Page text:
A large observational study which analyzed nearly 15 000 patients with COVID-19 and 81 000 controls, suggests that treatment with the antimalarial drug chloroquine, or its analogue hydroxychloroquine, offers no benefit to patients. In fact, the study, recently published in The Lancet, found that “treatment with these medications among patients with COVID-19, either alone or in combination with macrolide antibiotics, was linked to an increased risk of serious heart rhythm complications in these patients”.
Chloroquine has been used for decades to prevent and treat malaria, and its analogue, hydroxychloroquine is prescribed to treat a number of other autoimmune disorders such as lupus and arthritis.
However, these two drugs were thrust into the limelight at the end of February when studies were published stating that they inhibited the SARS-CoV-2 virus in monkey cells in the lab. Hype surrounding the drugs was further stirred when a White House briefing touted them as potential “game changers”, and at the end of March, the US Food and Drug Administration issued emergency authorization to prescribe the drugs to hospitalized adolescent and adult patients unable to participate in clinical trials.
But experts have been skeptical as the drugs have been yielding mixed results in small clinical trials, and in recent months, healthcare officials around the world, including the WHO, have also been concerned by reports of individuals self-medicating and causing themselves serious harm.
“Several countries have advocated use of chloroquine and hydroxychloroquine, either alone or in combination, as potential treatments for COVID-19,” said Professor Frank Ruschitzka, director of the Heart Center at University Hospital Zurich who co-authored the Lancet study. “Justification for repurposing these medicines in this way is based on a small number of anecdotal experiences that suggest they may have beneficial effects for people infected with the SARS-CoV-2 virus. However, previous small-scale studies have failed to identify robust evidence of a benefit and larger, randomized controlled trials are not yet completed. However, we now know from our study that the chance that these medications improve outcomes in COVID-19 is quite low.”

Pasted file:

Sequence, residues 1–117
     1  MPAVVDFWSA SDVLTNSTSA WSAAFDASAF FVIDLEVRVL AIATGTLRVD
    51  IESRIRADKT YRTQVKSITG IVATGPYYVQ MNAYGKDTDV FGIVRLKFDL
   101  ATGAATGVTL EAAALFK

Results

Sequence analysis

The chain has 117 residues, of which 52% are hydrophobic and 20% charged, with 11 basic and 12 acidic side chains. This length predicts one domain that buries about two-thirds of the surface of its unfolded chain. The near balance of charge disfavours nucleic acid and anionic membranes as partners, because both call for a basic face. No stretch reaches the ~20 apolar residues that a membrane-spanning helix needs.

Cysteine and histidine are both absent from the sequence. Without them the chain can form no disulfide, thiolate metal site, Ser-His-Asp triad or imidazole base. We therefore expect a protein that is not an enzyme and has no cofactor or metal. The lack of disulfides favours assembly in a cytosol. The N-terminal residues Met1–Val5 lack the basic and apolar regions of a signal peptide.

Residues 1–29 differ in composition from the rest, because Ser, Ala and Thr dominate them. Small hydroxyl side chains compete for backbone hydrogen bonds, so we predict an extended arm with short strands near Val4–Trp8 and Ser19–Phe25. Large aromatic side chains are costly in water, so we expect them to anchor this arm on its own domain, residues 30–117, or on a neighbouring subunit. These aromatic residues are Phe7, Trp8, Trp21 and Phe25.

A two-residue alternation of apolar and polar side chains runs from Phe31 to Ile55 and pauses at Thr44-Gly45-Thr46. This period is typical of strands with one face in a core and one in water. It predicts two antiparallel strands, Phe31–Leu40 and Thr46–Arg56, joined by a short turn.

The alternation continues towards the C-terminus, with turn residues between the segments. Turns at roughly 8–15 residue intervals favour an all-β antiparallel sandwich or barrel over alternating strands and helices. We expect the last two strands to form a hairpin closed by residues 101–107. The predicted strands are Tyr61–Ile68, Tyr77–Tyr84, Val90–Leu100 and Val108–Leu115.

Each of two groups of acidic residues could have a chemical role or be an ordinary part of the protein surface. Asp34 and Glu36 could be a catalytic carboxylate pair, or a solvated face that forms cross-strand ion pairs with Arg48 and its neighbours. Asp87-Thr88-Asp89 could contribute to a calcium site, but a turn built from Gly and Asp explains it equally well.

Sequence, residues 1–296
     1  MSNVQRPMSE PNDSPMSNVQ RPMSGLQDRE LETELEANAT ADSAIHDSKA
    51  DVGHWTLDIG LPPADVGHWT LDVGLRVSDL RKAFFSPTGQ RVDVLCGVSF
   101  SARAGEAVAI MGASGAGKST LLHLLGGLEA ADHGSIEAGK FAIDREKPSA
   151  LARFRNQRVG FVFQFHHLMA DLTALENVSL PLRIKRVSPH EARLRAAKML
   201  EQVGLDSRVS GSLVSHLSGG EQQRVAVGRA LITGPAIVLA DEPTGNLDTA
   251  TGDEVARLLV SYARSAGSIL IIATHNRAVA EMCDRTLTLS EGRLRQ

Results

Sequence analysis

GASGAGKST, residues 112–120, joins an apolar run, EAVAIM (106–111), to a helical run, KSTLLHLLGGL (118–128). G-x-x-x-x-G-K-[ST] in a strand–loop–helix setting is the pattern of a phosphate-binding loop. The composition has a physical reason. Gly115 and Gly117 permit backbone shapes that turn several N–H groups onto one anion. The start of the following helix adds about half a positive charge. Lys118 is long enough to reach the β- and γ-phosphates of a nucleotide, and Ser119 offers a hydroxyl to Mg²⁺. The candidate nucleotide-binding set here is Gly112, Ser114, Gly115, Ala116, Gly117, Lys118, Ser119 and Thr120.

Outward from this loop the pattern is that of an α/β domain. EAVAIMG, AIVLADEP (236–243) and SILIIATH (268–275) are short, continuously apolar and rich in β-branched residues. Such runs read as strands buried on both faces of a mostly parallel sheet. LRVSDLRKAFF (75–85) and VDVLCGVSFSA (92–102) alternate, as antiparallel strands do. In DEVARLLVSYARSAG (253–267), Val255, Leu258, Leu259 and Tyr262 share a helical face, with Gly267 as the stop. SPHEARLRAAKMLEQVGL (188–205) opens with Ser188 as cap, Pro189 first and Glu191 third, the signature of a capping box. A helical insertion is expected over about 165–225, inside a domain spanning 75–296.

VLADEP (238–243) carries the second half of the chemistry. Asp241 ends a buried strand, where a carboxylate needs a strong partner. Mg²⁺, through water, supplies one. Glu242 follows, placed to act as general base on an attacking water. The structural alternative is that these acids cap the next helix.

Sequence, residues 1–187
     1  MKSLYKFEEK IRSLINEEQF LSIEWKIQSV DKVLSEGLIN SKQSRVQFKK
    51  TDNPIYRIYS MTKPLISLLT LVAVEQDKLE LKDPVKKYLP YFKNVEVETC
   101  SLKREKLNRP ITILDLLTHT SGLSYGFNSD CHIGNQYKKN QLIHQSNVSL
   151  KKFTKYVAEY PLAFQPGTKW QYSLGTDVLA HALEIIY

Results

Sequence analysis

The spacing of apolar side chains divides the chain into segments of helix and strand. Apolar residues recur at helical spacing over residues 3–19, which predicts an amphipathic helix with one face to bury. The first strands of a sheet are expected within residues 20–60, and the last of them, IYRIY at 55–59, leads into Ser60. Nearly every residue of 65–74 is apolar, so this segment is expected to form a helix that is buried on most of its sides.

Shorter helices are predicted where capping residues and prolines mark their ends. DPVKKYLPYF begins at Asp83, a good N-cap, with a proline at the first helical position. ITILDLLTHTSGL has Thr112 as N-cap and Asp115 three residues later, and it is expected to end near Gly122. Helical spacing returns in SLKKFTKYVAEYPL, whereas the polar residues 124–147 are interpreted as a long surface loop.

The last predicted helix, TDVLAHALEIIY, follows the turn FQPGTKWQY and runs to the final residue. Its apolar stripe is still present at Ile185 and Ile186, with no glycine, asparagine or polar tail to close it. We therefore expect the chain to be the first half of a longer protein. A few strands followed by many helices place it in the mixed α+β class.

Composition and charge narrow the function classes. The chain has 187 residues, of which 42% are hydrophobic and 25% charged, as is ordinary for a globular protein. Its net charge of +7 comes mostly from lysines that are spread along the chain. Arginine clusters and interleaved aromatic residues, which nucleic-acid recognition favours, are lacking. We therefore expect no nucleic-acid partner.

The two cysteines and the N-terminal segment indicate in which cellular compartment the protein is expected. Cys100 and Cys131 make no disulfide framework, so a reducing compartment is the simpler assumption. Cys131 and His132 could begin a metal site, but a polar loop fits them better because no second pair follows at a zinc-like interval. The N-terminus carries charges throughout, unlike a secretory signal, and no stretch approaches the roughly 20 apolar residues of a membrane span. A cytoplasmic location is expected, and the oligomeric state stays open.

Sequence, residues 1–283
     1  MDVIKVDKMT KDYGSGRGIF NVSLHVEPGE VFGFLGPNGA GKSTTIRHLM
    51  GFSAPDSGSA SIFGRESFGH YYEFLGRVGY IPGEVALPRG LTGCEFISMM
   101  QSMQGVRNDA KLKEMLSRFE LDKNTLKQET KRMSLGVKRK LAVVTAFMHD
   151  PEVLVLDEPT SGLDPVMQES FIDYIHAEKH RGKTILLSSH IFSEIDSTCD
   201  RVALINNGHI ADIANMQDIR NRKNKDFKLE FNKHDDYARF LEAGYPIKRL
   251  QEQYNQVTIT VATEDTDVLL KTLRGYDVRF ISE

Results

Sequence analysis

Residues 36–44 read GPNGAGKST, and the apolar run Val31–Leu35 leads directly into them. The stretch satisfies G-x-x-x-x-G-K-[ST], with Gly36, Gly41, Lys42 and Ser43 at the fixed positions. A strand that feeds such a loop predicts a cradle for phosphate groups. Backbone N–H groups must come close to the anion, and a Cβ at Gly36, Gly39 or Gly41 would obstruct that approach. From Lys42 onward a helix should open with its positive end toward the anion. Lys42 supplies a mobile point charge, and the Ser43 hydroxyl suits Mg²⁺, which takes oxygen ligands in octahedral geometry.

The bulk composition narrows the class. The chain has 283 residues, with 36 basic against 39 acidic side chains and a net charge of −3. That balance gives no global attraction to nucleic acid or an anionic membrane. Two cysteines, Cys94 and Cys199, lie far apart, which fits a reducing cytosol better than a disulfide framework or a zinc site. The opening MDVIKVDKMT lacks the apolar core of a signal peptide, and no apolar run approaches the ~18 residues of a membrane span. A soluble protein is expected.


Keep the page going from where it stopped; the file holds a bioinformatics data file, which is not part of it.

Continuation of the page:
Now it seems the current study has brought statistically relevant data to light. “This is the first large scale study to find statistically robust evidence that treatment with chloroquine or hydroxychloroquine does not benefit patients with COVID-19,” said Professor Mandeep Mehra, lead author of the study and Executive Director of the Brigham and Women’s Hospital Center for Advanced Heart Disease in Boston, USA. “Instead, our findings suggest it may be associated with an increased risk of serious heart problems and increased risk of death. Randomized clinical trials are essential to confirm any harms or benefits associated with these agents. In the meantime, we suggest these drugs should not be used as treatments for COVID-19 outside of clinical trials.”
However, the authors stress that this is not to say that patients prescribed the drugs to treat other conditions should refrain from taking their medication, as both drugs have a long history of good safety profiles for specific conditions. Their antiviral effects observed in laboratory tests are what promoted their potential use as a desperate treatment for COVID-19.
In the study, Mehra and his team analyzed data from 96 032 patients hospitalized between December 20, 2019 and April 14, 2020 with laboratory-confirmed SARS-CoV-2 infection from 671 hospitals in the US. The team compared outcomes from patients treated with chloroquine alone (1868), hydroxychloroquine alone (3016), chloroquine in combination with a macrolide antibiotic (3783), or hydroxychloroquine with a macrolide (6221). Patients from these four groups were compared with the remaining control group of 81 144 patients.
At the end of the study period, results showed that one in 11 patients (9.3%) from the control group — no treatment — had died in hospital.
After correcting for factors that would affect differences in rate of mortality, including age, race, body mass index, and underlying health conditions such as heart disease, lung disease, and diabetes, the researchers found the drug regimens were actually associated with an increased risk of death.
Of those treated with chloroquine or hydroxychloroquine alone, around one in six patients had died (16.4%, 307/1868 chloroquine and 18.0%, 543/3016 hydroxychloroquine). When the drugs were used in combination with a macrolide, the death rate rose to more than one in five for chloroquine (22.2%, 839/3783) and almost one in four for hydroxychloroquine (23.8%, 1479/6221). Serious cardiac arrhythmias, which cause the lower chamber of the heart to beat rapidly and irregularly, were found to be more common in the groups receiving either of the four treatment regimens — although it is not possible to conclusively infer cause and effect between treatment with these medications and the onset of heart arrhythmias.
While these observational results are significant, the authors stress that randomized clinical trials will be required before any conclusion can be reached regarding benefit or harm of these agents in COVID-19 patients. “It is not possible to exclude the possibility that other, unmeasured factors were responsible for the apparent link between treatment with these drugs and the decrease in patient survival because such is the design of observational studies, and randomized trials are urgently needed,” said the authors.